Majid Khan, who was tortured by the CIA before his transfer to the US military facility in Cuba, says he feels ‘reborn’.
Washington, DC – A Guantanamo Bay prison detainee who endured torture in CIA custody has been transferred to Belize nearly a year after finishing his sentence at the US-run detention facility.
The Pentagon announced on Thursday that Majid Khan was freed, bringing the number of prisoners at Guantanamo to 34, including 20 who are eligible for transfer.
Khan, who was captured in Pakistan in 2003 and taken to Guantanamo three years later, said he was looking forward to beginning a new chapter in the Central American nation of 400,000 people.
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“Today, I feel like I am reborn. I have reentered the world,” Khan said in a statement.
“I’m in a little bit of shock because I have been waiting so long to be free, and I can hardly believe it has finally happened.”
Khan, who went to secondary school in the US state of Maryland, returned to his native Pakistan to join al-Qaeda after the 9/11 attacks in 2001. He pleaded guilty in 2012 to conspiracy to commit murder, spying and “providing material support for terrorism”.
“He was sentenced in 2021 to a term of confinement for over 10 years with credit for the years he spent cooperating with US personnel,” the Pentagon said on Thursday. “He has subsequently completed his sentence.”
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The Guantanamo detention facility opened in 2002 to house detainees captured during the “war on terror”.
Located at a US military base in Cuba, the prison operates under a legal system led by military commissions that do not guarantee the same rights as traditional US courts. Detainees cleared for release sometimes spend years at Guantanamo as Washington looks for countries to take them in after they are freed.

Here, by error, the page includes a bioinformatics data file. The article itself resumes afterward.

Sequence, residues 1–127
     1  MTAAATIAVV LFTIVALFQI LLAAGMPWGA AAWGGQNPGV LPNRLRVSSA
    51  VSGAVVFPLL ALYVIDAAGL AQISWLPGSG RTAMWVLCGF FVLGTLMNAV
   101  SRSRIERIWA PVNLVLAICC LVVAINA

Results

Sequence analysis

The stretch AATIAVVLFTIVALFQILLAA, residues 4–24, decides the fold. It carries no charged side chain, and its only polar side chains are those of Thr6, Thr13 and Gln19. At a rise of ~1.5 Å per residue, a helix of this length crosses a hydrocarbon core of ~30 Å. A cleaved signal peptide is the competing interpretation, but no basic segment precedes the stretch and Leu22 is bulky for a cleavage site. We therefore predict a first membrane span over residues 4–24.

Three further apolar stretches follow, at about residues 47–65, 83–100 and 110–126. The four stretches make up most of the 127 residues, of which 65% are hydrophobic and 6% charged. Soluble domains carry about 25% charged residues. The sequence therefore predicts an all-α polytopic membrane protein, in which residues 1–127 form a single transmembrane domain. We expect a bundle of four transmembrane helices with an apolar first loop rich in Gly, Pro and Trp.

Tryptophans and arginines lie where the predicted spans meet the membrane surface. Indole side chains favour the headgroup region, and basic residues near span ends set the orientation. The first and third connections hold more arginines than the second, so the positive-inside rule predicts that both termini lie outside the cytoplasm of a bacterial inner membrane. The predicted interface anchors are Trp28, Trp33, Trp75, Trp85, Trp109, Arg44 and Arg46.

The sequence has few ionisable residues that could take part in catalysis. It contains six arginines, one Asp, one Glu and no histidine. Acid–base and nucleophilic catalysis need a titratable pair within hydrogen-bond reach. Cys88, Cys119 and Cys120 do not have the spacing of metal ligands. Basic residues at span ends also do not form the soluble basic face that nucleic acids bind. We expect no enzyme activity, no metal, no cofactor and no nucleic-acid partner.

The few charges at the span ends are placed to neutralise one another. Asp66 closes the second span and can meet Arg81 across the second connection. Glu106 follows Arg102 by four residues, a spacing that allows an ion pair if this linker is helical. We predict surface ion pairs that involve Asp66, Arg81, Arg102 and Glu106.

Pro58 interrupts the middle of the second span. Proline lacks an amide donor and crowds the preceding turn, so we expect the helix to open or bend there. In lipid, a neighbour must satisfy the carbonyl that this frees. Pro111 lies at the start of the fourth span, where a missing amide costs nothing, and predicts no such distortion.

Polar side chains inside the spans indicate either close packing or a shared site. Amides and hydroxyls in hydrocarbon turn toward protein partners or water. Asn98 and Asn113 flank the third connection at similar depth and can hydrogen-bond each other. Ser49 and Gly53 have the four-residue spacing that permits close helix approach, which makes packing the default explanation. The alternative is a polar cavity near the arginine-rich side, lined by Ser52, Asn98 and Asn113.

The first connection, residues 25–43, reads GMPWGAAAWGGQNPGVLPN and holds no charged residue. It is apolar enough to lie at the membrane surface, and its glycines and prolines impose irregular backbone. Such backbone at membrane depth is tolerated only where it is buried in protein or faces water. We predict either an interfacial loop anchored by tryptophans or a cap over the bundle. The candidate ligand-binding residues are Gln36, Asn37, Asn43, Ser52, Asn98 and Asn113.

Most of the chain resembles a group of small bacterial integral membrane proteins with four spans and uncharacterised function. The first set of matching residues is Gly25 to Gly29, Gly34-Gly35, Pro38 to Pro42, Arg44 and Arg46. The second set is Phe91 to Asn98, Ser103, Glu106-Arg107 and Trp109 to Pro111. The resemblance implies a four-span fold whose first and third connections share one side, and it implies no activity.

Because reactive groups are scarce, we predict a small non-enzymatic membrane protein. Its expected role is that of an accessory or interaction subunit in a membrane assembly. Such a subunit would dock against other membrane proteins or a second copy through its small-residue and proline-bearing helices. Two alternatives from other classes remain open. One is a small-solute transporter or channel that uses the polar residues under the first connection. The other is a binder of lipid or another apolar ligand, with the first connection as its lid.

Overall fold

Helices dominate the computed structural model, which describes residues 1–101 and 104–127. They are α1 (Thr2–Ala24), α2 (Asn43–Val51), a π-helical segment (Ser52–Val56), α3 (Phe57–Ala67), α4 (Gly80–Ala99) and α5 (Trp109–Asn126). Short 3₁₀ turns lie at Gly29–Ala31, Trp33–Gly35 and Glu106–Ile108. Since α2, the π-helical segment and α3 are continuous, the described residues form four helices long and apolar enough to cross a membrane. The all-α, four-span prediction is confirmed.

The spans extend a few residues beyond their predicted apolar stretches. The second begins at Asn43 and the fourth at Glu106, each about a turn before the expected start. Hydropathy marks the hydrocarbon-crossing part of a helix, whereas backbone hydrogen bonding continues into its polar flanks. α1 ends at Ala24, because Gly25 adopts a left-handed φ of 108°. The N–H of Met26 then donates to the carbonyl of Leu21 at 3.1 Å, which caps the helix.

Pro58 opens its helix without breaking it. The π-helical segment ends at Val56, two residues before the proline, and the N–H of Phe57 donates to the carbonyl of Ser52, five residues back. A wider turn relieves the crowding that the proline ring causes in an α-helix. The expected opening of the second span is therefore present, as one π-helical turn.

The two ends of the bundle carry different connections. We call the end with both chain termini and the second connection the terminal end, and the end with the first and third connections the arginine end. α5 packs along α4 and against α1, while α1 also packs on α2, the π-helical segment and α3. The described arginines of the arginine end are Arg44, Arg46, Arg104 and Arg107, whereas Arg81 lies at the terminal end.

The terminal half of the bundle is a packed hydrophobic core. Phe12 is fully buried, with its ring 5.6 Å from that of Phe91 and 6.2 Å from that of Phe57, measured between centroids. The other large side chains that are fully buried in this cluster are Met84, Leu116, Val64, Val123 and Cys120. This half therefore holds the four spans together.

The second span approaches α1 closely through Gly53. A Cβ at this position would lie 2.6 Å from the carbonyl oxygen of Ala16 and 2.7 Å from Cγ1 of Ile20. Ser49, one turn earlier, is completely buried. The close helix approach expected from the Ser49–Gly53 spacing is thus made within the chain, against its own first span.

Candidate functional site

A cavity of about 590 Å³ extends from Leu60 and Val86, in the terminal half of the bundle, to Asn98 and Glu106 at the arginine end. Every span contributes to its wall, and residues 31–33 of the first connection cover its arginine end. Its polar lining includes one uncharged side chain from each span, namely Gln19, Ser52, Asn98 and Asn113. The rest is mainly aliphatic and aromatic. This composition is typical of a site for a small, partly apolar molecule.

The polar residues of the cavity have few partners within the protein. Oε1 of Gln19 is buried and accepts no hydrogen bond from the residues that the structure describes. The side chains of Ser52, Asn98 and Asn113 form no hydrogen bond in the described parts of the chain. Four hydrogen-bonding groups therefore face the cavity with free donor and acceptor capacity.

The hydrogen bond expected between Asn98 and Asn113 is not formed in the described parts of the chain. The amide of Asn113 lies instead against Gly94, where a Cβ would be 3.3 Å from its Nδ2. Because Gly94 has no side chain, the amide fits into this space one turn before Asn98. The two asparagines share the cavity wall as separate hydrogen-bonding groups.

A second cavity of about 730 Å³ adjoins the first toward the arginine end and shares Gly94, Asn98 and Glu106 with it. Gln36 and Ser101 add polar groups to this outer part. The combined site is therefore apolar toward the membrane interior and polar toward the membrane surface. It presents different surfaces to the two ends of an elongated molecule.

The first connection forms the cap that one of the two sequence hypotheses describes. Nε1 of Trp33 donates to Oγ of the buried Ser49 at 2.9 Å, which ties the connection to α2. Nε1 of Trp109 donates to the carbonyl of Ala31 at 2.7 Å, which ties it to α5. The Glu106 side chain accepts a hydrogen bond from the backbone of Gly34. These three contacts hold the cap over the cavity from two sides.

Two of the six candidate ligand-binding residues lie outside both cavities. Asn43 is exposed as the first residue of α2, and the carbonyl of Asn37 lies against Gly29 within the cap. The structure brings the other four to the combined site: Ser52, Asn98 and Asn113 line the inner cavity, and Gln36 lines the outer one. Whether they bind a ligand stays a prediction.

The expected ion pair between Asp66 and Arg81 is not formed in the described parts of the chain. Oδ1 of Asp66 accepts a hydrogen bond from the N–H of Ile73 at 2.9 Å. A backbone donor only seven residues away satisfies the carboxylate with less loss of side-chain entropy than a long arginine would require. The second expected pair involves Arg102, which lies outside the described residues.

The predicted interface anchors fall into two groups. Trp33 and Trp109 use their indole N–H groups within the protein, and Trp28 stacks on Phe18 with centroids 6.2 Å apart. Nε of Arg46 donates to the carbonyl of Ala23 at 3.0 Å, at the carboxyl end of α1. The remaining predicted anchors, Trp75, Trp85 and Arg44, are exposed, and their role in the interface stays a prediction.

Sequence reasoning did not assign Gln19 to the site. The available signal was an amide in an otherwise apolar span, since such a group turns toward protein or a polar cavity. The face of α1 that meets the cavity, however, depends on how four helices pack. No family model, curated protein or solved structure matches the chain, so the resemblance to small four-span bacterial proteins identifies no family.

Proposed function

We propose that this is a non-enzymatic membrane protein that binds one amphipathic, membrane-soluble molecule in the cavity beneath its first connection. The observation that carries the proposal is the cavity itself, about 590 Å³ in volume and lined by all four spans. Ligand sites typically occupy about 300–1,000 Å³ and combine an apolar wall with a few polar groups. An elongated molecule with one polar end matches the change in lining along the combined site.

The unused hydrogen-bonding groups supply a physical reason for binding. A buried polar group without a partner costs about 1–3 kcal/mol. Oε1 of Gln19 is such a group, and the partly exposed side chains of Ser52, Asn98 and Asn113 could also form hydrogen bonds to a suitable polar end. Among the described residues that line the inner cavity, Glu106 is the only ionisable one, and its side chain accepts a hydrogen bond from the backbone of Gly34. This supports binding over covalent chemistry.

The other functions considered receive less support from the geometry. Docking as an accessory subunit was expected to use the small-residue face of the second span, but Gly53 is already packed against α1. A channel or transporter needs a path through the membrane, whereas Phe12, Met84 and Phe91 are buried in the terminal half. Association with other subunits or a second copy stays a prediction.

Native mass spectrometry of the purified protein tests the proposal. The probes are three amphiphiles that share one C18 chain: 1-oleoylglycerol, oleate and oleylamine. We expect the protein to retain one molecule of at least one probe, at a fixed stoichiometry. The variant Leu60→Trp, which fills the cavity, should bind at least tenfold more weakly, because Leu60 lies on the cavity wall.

Andy Worthington, co-founder of the Close Guantanamo campaign, said while it was “great” that Khan was freed, other inmates approved for transfer have little recourse to speed up their release.
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“The 20 men approved for release can go nowhere,” Worthington told Al Jazeera.
“Their release is entirely dependent really on the whim of the US government. And that shouldn’t be the case. It’s a problem related to the very foundation of Guantanamo that was established where the law didn’t apply.”
On Thursday, the Pentagon expressed gratitude to Belize for supporting “ongoing US efforts focused on responsibly reducing the detainee population and ultimately closing the Guantanamo Bay facility”.
The prison once housed nearly 800 detainees, many of whom initially spent time at covert CIA locations known as black sites, where they were tortured under a so-called “enhanced interrogation” programme authorised by former President George W Bush’s administration.
A 2014 US Senate report detailed some of the torture techniques used on prisoners, including Khan, at these facilities.
“I was a ghost, a walking dead man,” Khan said in his statement on Thursday. “The CIA wanted me to remain this way forever. In fact, when I was being tortured, I often wished for death to escape the terror and the pain.”
Wells Dixon, a senior lawyer at the Center for Constitutional Rights who represented Khan, said the legal advocacy group was “thrilled” by his release.
“Belize has done an outstanding job to prepare for his resettlement, and their success serves as a model for other countries to accept men who no one thinks should remain at Guantanamo but who cannot return to their home countries for humanitarian reasons,” Dixon said in a statement.
Khan was released days ahead of the first-ever visit by a United Nations expert to Guantanamo.
Fionnuala Ni Aolain, the special UN rapporteur on the promotion and protection of human rights and fundamental freedoms while countering terrorism, will share her findings and recommendations after the trip, which is expected to begin next week.
Ni Aolain will also interview survivors of the September 11, 2001, attacks in the US as well as former Guantanamo detainees over the next three months, the UN Human Rights Office said.